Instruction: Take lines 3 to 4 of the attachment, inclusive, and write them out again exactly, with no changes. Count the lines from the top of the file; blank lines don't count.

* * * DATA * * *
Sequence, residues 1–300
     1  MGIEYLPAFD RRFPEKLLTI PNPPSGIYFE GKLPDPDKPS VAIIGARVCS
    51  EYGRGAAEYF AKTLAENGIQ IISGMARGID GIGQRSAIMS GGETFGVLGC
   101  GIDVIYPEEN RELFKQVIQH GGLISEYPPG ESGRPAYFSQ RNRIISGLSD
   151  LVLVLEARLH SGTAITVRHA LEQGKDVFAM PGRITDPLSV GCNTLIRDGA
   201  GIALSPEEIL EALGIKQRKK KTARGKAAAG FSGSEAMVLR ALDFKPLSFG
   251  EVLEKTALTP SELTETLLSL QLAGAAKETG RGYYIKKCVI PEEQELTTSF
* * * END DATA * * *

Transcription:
    51  EYGRGAAEYF AKTLAENGIQ IISGMARGID GIGQRSAIMS GGETFGVLGC
   101  GIDVIYPEEN RELFKQVIQH GGLISEYPPG ESGRPAYFSQ RNRIISGLSD